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Falcons president: Crown-of-helmet rule not about avoiding litigation

By Ryan Wilson | CBSSports.com

'It's about protecting the players,' McKay said. (USATSI)
'It's about protecting the players,' McKay said. (USATSI)
When the owners voted 31-1 to make it illegal for runners or tacklers to lead with the crown of the helmet, the backlash from players -- both present and past -- was predictable. "Absurd," "a joke" and "doesn't make any sense" were popular complaints, but as the competition committee would tell you, this is all about making the game safer.

Fair enough, but it's more than that, right? NFL Network's Albert Breer tweeted Wednesday that "Coaches and players can complain, but the owners are the ones voting, and they're under a tremendous amount of legal liability now." And that reality led us to observe at the time: Once you come to grips with that, the rule makes a lot of sense. It also means we should expect more changes in the coming years, in the name of safety but with the underlying legal implications driving the decisions.

But Falcons president Rich McKay, who also serves as chairman of the competition committee, said Thursday that litigation has nothing to do with the crown-of-the-helmet rule.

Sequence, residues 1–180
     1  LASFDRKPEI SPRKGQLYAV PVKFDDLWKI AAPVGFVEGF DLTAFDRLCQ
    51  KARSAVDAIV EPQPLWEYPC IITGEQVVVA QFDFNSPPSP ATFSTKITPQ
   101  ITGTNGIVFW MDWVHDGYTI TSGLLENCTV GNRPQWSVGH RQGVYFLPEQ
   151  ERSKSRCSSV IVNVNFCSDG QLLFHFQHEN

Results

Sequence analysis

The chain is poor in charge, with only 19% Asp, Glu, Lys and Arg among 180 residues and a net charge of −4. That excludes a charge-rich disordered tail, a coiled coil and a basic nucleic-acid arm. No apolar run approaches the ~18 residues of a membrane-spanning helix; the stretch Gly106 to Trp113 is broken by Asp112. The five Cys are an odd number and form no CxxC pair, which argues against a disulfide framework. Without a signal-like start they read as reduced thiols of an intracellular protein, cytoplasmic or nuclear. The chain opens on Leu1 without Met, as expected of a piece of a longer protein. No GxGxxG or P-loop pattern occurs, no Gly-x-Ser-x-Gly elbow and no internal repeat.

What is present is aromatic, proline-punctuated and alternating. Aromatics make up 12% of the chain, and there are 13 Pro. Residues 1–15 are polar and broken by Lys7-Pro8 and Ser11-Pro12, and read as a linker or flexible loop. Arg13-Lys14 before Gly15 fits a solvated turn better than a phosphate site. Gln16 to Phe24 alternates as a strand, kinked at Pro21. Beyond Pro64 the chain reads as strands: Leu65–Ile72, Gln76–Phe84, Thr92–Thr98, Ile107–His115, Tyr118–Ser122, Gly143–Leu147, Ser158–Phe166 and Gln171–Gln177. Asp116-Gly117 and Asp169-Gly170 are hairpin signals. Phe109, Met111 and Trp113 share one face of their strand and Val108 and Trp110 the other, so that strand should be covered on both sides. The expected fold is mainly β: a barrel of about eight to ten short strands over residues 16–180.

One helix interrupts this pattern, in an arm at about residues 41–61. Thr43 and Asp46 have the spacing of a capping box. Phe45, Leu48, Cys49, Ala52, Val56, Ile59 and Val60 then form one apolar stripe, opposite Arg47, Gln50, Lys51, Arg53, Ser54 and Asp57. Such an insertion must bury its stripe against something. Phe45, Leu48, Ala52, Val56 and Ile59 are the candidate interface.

“Absolutely not,” McKay told ProFootballTalk, “it's about protecting the players. I've been on the committee for 20 years and it's never been a discussion in our room of, ‘Well we're worried about a litigation about this or a litigation about a knee injury.' We're worried about player safety and I think one of the great things about the league is it's been a focus of ours for a long time and there's such a long process that goes into it."

To be fair, until recently, former players haven't been lining up to join lawsuits against the league either. Still, McKay points out that such decisions aren't reached willy-nilly.

“People think that, well, there's a Competition Committee, they take guys, and they come up with these rules," he continued. "There's such a long process. This is a rule we've actually talked about for a couple of years with the [NFL] Players Association, with the Head, Neck, and Spine Committee, with Coach Madden's subcommittee, all of those things. So the reasoning behind these rules is, number one, the short-term health and safety of the players and, number two, the long-term health and safety of our players.”

Whatever the impetus behind the rules change, the biggest issue doesn't appear to be the rule itself, but the lack of details regarding the specifics of it. On Wednesday after it passed, Rams coach and competition committee member Jeff Fisher called the rule "a huge victory for the National Football League."

"Let's bring the shoulder back," he said. "We've lost the shoulder in the game. Let's bring it back.” Fisher added that while the play will be a judgment call for officials and isn't reviewable, it won't be "over-officiated."

“The key thing here is you can deliver a blow with shoulder, with face, with hairline," he said. "It's just deliberately striking with the crown, the top of the helmet.”

In theory, it makes sense. As a practical matter, we'll have to wait and see.

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